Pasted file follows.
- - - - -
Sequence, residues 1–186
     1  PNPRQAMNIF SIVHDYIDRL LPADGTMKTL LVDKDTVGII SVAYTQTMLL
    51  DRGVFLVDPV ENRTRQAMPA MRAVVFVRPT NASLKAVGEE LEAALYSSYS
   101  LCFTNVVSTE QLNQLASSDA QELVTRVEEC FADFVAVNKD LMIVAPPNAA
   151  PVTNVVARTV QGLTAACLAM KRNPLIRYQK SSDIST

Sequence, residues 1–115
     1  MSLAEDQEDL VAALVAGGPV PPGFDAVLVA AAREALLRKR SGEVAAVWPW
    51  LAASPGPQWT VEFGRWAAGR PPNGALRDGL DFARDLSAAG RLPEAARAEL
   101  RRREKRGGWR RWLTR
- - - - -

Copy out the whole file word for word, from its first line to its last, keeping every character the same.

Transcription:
Sequence, residues 1–186
     1  PNPRQAMNIF SIVHDYIDRL LPADGTMKTL LVDKDTVGII SVAYTQTMLL
    51  DRGVFLVDPV ENRTRQAMPA MRAVVFVRPT NASLKAVGEE LEAALYSSYS
   101  LCFTNVVSTE QLNQLASSDA QELVTRVEEC FADFVAVNKD LMIVAPPNAA
   151  PVTNVVARTV QGLTAACLAM KRNPLIRYQK SSDIST

Sequence, residues 1–115
     1  MSLAEDQEDL VAALVAGGPV PPGFDAVLVA AAREALLRKR SGEVAAVWPW
    51  LAASPGPQWT VEFGRWAAGR PPNGALRDGL DFARDLSAAG RLPEAARAEL
   101  RRREKRGGWR RWLTR